The founder and president of Freedom and Fashion describes herself as a slave to end slavery. Constantly networking, fundraising, and sometimes sewing by hand in the dimly lit rooms of friends and family until 4am, Bonnie Kim and her board of directors work in the background to support fair trade organizations and NGOs that raise awareness about and provide resources for victims of human trafficking.
On Friday Nov. 6, 2010, at 6pm in Irvine, Calif., Freedom and Fashion will embark on their second annual showcase and trade show. Attendees will view the fashion designs of labor and sex trafficked survivors, non-profits working to end slavery, and fair trade companies. A video introduction to each organization will accompany the fashion preview; goods will be on sale before and after the show.
I asked Kim what neophytes should expect.
Their minds will be blown away. Period … It’s kind of fun being underestimated sometimes because we’re a nonprofit and people associate nonprofit with very janky stuff or ugly things … but we produce really high production value … We try to do it very top-notch quality for that reason … We set a new platform for what it means to look like a non-profit, and not look like a non-profit.
The show will also feature vocal performances by Dr. E née Dr. Elaine Richardson who is not only a fashionista, but a professor at Ohio State University, a survivor of sex trafficking, and author of the forthcoming book PGD to PhD: Po Girl on Dope to PhD. Dr. E is excited to work with Freedom and Fashion.
I love what they’re doing—turning fashion on it’s head, using it to save women and girls, inform people about the human misery that is going on around the word. It’s creative, it’s environmentally conscious, socially conscious. It’s inspiring.
Kim explains the organization’s intentional emphasis on fashion:
It’s fun … Fashion is an avenue that is cool … It gives us an opportunity to expose the truth slowly.
The truth is that sex trafficking is the second largest crime industry in the world. Dr. E defines sex trafficking as “women being sold like drugs or other commodities.” She clarifies:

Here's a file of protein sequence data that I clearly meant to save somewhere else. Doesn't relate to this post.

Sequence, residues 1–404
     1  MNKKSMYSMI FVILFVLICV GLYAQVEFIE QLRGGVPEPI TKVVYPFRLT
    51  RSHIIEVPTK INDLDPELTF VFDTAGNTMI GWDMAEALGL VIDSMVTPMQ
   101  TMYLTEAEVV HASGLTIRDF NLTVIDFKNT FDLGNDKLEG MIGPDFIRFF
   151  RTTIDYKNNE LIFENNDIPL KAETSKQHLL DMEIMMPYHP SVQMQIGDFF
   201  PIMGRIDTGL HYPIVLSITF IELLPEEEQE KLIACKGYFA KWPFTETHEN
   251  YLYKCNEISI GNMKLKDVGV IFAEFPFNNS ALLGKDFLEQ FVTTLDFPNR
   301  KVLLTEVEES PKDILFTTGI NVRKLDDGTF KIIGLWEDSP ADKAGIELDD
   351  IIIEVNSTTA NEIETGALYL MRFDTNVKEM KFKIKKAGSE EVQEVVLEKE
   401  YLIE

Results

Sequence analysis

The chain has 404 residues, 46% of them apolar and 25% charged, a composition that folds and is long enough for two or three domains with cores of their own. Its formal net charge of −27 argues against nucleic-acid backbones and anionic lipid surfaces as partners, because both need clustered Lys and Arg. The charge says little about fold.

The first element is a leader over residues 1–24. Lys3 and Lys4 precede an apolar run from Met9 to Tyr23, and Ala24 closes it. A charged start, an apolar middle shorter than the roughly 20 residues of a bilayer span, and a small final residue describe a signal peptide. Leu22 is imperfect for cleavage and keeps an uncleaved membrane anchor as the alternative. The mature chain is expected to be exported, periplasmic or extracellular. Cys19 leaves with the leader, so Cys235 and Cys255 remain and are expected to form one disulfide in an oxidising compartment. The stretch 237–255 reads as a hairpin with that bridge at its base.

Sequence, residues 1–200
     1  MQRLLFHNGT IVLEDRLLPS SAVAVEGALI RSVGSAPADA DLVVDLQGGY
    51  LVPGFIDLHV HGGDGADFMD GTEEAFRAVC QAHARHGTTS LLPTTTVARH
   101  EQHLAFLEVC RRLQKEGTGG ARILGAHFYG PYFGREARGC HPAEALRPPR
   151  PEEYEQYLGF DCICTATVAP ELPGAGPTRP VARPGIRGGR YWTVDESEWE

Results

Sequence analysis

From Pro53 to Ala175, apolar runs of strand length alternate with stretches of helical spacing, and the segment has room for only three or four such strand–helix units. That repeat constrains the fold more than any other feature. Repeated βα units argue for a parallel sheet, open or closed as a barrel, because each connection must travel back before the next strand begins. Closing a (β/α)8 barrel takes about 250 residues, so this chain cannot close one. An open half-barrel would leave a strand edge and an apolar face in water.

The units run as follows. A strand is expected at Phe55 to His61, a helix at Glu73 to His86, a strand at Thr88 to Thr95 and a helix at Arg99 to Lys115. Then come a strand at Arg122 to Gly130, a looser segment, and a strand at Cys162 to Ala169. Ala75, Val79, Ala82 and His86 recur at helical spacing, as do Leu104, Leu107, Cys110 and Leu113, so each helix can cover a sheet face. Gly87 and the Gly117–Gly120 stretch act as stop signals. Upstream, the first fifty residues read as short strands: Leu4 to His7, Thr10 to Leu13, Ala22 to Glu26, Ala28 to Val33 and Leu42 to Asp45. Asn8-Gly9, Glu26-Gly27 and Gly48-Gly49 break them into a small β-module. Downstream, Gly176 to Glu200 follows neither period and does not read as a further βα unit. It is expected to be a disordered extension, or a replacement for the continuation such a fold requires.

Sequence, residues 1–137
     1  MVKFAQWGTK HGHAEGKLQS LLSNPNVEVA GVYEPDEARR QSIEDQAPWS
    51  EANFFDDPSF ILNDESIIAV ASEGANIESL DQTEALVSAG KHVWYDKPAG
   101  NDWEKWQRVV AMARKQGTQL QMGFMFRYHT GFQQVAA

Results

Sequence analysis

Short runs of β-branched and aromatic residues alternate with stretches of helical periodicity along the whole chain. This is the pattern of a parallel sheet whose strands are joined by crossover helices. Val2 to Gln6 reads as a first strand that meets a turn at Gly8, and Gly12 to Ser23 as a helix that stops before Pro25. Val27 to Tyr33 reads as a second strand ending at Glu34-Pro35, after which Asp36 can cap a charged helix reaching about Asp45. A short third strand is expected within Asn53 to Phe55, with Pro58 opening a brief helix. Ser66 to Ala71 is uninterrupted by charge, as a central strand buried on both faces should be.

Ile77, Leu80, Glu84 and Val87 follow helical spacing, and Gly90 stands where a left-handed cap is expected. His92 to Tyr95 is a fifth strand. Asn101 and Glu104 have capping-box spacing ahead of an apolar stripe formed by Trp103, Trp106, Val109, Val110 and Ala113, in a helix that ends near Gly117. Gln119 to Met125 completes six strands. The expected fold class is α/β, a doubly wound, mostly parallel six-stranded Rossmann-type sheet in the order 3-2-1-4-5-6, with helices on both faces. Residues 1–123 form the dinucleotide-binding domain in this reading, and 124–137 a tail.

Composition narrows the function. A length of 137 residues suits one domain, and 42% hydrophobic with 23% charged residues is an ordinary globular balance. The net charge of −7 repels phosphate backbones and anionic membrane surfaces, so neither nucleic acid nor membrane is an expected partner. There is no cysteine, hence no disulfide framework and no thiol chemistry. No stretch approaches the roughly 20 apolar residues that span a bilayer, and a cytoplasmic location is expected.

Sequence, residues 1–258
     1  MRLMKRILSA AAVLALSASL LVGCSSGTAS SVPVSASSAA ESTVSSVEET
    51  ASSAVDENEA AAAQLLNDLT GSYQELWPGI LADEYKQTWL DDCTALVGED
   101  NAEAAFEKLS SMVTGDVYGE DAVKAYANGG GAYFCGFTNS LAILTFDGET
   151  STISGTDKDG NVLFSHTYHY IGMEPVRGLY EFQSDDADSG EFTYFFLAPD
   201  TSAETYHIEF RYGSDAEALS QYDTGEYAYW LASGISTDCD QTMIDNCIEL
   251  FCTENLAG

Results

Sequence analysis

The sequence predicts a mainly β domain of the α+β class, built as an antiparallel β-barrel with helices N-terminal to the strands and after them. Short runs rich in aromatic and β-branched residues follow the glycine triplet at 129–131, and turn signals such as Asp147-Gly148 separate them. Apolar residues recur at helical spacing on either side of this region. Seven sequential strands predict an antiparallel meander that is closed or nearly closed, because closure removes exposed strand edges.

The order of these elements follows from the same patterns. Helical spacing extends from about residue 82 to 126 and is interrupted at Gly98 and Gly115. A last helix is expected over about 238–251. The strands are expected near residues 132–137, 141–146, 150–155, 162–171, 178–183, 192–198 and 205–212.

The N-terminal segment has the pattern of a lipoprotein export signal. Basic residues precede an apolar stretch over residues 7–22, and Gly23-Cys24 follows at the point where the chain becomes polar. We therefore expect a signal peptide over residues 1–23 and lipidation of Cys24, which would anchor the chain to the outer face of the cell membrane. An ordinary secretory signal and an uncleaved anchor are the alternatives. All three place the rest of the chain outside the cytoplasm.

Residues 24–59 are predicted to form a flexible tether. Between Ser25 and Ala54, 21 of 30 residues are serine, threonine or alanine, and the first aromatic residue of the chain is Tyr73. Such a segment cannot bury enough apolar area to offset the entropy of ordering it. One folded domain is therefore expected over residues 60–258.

Some people’s attitude is that adult prostituted women are not sex trafficked but sex workers and that they should be treated as criminals. This leads many would be caring human beings to be apathetic toward women who are raped, beaten or killed while they are in the throes of prostitution. Some people have more compassion for women and girls who’ve been kidnapped and traded internationally than for women within America. I think that most women involved in prostitution have psychological and emotional trauma like battered women and many are also drug addicts and need treatment.
Kim admits that her childhood molestation helps her understand the victim’s point of view, and her early introduction to porn helps her understand the perpetrator’s perspective. Both women see their outreach programs as a ministry designed to help others heal. Kim’s primary mission is to raise awareness about exploitation.
I know sex sells here, but it creates a lot of pain … Sex has been totally misrepresented in today’s society. Because of it I feel like it perpetuates industries like porn and industries like human trafficking. Unless we address these issues, this problem is just going to continue and get worse—women ending up being sex slaves or them feeling the need to, in order to survive, resort to prostitution or being in the trade. And that’s more overseas than here, but many times girls here for the love of someone else they would just easily give themselves away … and it’s not supposed to be like that.
These women working for the love of freedom and fashion are giving as Kim says “the best of the best for the least of the least” for their show on November 6.
In addition to the annual show, Freedom and Fashion, hosts smaller previews, hopes to acquire Los Angeles office space soon, expand to a New York City division, and develop an after school program that teaches young girls to sew and informs them about the dangers of sex trafficking. Donations are appreciated.
Image used with permission from Freedom and Fashion.